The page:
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Although not generally as profitable, Imperial recycling program important PDF Print E-mail
By Carolyn Lee
The Imperial Republican

    While cities across Nebraska are re-evaluating their recycling programs, in light of a depressed economy and low prices for recycled material, Imperial City Clerk/Administrator Jo Leyland is optimistic about the future of the city’s program.
    Some cities are stockpiling recyclables until prices improve. Recycling companies are also waiting for prices on copper, paper and aluminum to increase before selling or buying.    
    The Imperial program, which is sponsored by the city of Imperial, chugs on nevertheless. Prices are not good, but Leyland said recycling sees a cyclical pattern of up and down prices every so often.
    “Sometimes people call me to buy materials,” she said. “All have told me that after the first of the year it (recycling prices) will start up again.”
    Leyland added that one of the factors in the low prices being paid is that there is a stockpile of materials not in the market.
    At present, the only materials the city sells are newspaper and paper products. Leyland shops around to different recyclers to get the best price.
    Most of the sales go to First Star Fiber of Omaha or MDK Recycling of New Hampton, Iowa.
    Leyland said that when a semi truck arrives to load the paper, the city adds cardboard to the load. Cardboard isn’t selling at present, according to Superintendent of Public Works Pat Davison.
    A semi load of paper nets the city between $1,000-1,500, Leyland said. The cost of shipping is taken out of the total price paid to the city.
    Glass collected by the city is ground up in a grinder, then used in trenches or ditches, Davison said, or given to people for their driveways.
    Leyland said she’s used crushed glass in between flagstones on her patio.
    She also said the city has combined crushed glass with sand for use on snowy roads in town.
    The glass won’t cut tires, she noted. The idea behind combining glass with sand is that the glass reflects the sun and is supposed to make the snow melt more quickly. Leyland said the city isn’t sure if this is true.
    Plastics are currently being shredded and hauled to Kearney, but aren’t generating any income.
    Steel is hauled to Ogallala, and is not normally a lucrative item, Davison said.
    Aluminum is not a big recycling item for the city, as most people elect to sell it by themselves.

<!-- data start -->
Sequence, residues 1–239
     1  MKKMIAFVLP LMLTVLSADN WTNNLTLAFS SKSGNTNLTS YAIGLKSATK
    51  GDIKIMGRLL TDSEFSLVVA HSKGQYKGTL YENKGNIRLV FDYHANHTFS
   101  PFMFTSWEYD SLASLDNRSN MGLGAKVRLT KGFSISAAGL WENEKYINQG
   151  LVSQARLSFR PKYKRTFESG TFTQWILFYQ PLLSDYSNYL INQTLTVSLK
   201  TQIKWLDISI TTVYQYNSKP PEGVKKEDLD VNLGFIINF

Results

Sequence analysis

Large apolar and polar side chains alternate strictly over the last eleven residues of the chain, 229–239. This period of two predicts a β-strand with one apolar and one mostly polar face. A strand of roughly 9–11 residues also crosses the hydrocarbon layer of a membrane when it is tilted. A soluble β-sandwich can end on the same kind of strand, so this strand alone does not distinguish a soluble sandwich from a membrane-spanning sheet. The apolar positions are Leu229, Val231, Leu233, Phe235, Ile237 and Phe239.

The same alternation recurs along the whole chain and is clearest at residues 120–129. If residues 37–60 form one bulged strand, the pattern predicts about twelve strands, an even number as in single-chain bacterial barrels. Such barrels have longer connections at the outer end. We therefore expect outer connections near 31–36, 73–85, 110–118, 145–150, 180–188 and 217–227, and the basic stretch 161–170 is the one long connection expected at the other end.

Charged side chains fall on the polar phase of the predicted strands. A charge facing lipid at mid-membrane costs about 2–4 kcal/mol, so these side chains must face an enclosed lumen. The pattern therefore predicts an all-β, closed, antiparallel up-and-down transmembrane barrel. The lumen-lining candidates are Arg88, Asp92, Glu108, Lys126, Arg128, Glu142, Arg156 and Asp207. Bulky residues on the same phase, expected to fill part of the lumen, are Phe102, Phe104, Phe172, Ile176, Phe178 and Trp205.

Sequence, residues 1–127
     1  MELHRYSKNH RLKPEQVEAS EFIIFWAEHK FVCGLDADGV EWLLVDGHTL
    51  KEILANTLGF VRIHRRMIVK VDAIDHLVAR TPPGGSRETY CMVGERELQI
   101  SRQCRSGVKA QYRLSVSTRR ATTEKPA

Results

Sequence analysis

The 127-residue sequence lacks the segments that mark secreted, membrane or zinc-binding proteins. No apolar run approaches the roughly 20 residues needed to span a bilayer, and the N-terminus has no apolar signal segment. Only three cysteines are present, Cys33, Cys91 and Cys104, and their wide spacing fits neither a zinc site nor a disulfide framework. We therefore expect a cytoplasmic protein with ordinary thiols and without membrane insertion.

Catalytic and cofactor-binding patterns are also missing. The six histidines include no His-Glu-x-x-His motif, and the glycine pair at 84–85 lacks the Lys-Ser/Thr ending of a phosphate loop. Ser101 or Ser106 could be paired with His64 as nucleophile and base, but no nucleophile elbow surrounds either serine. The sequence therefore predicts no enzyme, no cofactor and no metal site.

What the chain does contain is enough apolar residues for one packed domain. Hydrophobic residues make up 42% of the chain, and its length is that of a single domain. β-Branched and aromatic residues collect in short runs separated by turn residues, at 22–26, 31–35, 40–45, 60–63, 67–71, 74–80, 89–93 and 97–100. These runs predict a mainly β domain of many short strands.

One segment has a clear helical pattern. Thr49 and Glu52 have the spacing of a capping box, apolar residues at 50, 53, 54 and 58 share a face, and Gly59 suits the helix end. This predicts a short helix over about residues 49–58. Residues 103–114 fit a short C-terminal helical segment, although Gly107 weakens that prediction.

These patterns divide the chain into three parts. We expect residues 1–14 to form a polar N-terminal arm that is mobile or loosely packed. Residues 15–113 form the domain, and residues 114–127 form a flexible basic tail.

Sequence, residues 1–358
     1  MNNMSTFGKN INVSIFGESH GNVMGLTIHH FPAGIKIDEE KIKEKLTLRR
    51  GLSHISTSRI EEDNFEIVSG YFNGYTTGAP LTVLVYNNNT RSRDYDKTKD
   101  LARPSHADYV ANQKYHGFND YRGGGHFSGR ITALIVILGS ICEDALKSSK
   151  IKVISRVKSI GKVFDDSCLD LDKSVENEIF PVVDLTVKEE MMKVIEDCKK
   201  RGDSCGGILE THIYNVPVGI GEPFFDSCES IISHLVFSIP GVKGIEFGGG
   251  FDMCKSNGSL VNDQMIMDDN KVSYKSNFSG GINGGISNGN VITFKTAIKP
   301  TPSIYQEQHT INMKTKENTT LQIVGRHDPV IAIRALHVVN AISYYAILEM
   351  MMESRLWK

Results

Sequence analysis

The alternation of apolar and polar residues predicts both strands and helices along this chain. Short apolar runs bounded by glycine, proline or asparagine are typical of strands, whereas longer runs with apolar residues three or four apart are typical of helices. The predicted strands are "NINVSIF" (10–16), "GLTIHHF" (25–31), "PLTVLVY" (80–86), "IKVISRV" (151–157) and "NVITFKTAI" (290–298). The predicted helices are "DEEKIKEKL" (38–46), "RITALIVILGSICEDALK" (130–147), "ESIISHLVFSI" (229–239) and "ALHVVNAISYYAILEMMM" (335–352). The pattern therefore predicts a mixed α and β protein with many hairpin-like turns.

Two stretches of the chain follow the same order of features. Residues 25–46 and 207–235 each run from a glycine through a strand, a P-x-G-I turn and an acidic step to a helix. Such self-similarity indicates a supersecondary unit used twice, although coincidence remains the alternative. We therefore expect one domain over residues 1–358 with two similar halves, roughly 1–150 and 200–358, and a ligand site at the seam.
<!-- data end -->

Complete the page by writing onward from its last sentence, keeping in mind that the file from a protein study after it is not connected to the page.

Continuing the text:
The city gets rid of the glass, plastic and steel, even without selling it, because there is only one storage site, and room is scarce, Davison said.
    When asked if the program pays for itself, Leyland said, “If you figure in the cost of not taking it to the landfill, and the environmental cost of not making a bigger mountain out there, I think it’s worth it.”
    Davison had no comment on his opinion of the feasibility of the program.
    “If you figure in the labor time and transportation, it probably doesn’t (pay),” Leyland said.
    There’s another consideration besides environmental, though. Before the city initiated the program, persons generating trash were charged a flat rate. Leyland said that wasn’t fair, when comparing a single elderly woman with a family of six paying the same rate.
    She said people needed an alternative to a flat rate.
    When the city first began recycling, about 1989, it was a voluntary program. Then the city switched to a volume-based trash program, where “The more you throw away the more it costs, and recycling really took off,” she explained.    
    Leyland said she doesn’t look for the recycling program to change. “It’s a value to the community. People use it extensively,” she said.
Cats a problem
    Cats are still a big problem at the recycling center on East Hwy 6-61. Leyland wrote a Letter to the Editor in The Imperial Republican recently, detailing the problem.    
    People are dumping cats and kittens off at the center, feeding them and even providing them bedding.
    “We’re not equipped to care for animals out there,” Leyland stated. “We are not in the humane society business.”
    She asks people to not contribute to the problem. They’re not benefiting the cats by encouraging them to live at the center.
 

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